Republican lawmakers' opposition to Hagel is the latest in the partisan battles that have snarled the U.S. government.
Disputes over the budget almost led to major tax increases for middle class taxpayers, which neither party wanted. Other fights are pending over spending cuts and the government's borrowing authority — both with potentially dire consequences for the economy. The newly elected Congress, with a Republican-led House of Representatives and a Democratic-led Senate, is similar to the previous one, which passed fewer laws than any Congress since the end of World War II.
While most of the partisan disputes have been on domestic issues, Republicans have continually accused Obama of not doing enough to support Netanyahu's government.
The bad blood between Obama and Netanyahu began early.
In their first public appearance together at the White House in 2009, Netanyahu pointedly rebuffed Obama's call for Israel to stop building Jewish housing on land the Palestinians want in a future state. Obama dropped the issue after it became obvious that it was a waste of political capital at home and that Netanyahu would not budge. Netanyahu's government has continued to announce plans for new settlements in the Palestinian West Bank.
During the presidential campaign, Netanyahu hosted Obama opponent Mitt Romney in Israel as if he were already a world leader. Netanyahu denied backing either candidate, but his words and actions clearly showed favoritism for Romney.
On Iran, Netanyahu called at the United Nations in September for the United States to draw a "red line" on Iran's nuclear program, beyond which Iran would face military action. Obama continues to insist there is time for diplomacy, but has said he would not countenance a nuclear-armed Iran.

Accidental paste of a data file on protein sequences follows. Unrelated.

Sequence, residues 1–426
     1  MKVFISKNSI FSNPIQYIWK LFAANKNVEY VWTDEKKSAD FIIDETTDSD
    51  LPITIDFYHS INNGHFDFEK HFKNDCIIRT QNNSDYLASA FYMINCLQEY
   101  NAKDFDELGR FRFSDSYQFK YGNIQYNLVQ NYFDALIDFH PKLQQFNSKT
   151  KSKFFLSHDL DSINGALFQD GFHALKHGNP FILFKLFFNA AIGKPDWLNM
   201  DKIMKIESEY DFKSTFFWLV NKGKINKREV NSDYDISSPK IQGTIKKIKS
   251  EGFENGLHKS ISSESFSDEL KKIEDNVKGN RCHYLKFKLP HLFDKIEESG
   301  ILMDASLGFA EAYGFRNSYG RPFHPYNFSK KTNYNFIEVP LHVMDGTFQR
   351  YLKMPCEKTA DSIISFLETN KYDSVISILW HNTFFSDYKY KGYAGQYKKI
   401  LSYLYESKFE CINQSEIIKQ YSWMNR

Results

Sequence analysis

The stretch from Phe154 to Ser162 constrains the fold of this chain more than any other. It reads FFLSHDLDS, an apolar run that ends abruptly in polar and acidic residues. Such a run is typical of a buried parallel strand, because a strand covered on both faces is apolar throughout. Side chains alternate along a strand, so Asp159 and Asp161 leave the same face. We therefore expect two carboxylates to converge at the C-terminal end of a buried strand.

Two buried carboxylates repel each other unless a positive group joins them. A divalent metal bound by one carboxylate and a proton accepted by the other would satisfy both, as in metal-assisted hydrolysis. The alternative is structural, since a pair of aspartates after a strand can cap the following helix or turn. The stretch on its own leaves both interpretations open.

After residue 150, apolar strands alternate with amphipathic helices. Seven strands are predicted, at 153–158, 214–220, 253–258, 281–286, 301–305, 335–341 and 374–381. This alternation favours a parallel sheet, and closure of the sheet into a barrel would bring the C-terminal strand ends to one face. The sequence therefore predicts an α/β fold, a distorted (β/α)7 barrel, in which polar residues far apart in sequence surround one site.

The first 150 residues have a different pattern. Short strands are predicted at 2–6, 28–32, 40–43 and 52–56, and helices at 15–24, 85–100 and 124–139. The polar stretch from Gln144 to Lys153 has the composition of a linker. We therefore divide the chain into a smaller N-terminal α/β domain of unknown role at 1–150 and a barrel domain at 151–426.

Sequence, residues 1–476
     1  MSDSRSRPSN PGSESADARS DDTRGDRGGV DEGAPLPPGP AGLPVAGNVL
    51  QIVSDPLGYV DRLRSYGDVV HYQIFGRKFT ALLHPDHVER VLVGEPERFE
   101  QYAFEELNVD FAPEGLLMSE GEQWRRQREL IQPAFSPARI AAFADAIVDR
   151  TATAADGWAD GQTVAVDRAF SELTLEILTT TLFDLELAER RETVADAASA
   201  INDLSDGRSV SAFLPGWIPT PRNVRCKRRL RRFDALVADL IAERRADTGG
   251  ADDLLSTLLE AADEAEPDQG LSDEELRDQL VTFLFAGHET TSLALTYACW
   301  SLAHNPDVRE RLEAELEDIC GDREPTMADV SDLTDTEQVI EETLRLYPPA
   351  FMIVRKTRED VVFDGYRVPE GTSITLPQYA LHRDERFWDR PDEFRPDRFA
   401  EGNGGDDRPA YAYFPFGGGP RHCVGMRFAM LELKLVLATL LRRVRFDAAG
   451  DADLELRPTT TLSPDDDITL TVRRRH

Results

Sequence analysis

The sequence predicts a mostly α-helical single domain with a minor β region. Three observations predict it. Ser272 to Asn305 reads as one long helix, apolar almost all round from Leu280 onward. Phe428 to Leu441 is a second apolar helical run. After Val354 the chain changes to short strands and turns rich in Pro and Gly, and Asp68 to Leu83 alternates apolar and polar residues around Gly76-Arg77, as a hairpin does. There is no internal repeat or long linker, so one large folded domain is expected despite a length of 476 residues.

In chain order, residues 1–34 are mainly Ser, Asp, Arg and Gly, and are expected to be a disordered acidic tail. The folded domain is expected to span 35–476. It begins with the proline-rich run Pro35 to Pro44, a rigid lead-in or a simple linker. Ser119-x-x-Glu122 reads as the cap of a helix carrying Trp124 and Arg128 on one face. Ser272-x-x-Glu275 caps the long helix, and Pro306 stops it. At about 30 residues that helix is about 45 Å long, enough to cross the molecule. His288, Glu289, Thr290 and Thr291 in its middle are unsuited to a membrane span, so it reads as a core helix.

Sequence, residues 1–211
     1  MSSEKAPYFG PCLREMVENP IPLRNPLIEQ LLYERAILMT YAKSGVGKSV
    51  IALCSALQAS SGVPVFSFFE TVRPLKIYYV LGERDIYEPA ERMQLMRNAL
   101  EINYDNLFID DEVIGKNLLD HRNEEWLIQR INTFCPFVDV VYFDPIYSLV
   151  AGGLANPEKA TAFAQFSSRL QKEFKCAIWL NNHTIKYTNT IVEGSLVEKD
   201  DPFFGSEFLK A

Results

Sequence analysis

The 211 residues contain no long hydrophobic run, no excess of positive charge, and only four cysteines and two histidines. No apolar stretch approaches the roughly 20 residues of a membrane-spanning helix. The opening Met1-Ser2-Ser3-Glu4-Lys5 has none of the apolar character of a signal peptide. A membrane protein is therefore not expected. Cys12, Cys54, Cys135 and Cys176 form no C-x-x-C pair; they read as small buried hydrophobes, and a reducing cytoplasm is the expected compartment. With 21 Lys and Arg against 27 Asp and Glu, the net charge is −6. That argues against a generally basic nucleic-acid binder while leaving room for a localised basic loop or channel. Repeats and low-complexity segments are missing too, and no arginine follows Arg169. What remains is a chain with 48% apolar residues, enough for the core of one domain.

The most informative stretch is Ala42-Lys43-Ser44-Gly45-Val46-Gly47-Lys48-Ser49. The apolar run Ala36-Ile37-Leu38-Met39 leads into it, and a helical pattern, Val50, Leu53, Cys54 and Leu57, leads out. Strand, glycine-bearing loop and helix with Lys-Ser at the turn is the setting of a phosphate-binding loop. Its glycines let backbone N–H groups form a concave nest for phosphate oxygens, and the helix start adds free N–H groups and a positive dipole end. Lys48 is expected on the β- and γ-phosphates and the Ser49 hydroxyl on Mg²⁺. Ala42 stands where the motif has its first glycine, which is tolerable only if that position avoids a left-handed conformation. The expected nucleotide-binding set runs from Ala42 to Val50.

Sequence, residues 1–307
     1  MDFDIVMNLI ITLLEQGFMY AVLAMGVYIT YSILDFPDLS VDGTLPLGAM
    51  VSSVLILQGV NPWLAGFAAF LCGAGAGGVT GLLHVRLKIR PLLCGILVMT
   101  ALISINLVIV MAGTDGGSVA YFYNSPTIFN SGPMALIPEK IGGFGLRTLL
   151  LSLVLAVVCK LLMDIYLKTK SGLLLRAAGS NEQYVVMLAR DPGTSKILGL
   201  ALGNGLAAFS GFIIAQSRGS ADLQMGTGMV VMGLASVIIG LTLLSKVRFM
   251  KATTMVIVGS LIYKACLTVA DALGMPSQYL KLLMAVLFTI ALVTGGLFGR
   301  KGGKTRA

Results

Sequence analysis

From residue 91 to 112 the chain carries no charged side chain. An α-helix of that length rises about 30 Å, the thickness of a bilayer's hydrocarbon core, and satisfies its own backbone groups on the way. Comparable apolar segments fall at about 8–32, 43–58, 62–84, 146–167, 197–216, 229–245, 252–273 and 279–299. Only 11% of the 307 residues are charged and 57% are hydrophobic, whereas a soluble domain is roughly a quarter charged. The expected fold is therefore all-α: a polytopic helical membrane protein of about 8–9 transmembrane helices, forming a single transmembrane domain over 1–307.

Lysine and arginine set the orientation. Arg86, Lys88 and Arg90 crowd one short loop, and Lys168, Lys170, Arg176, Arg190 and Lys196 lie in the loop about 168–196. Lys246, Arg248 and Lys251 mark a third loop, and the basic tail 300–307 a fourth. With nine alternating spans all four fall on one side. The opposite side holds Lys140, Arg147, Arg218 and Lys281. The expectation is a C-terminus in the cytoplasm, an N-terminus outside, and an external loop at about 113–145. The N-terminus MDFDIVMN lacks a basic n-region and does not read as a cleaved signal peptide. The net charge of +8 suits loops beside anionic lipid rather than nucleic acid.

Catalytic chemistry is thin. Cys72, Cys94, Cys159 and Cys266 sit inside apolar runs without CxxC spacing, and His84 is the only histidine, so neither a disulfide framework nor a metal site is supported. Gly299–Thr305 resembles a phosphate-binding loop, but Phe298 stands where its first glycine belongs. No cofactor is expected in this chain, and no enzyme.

"The more Netanyahu believes Obama is serious about preventing Iran from getting a bomb, the better they will manage their relations," said David Makovsky of the Washington Institute for Near East Policy. "If not, the issue of an Israeli first strike on Iran becomes more likely."
Miller, of the Woodrow Wilson Center, said Obama will be too consumed with battling Congress on the budget, gun control legislation and other issues to spend much time on disagreements with Netanyahu.
"Is he going to go after Israel-Palestinian peace talks or war with Iran given all his domestic challenges?" Miller asked. "He will go to extreme lengths to avoid war with Iran."
He said the two leaders are moving further apart on the Palestinian issue, but have found some consensus on Iran. "For the next six to eight months, I don't think the president is going to push on those issues."
But Nir, of Peace Now, says time is running out for a peace deal with the Palestinians and Israel could face another armed uprising like the one that bloodied the region in 2000.
"There's more and more an atmosphere among Palestinians that there is no political horizon," he said, "a feeling that diplomacy doesn't work."
Associated Press writer Amy Teibel in Jerusalem contributed to this report.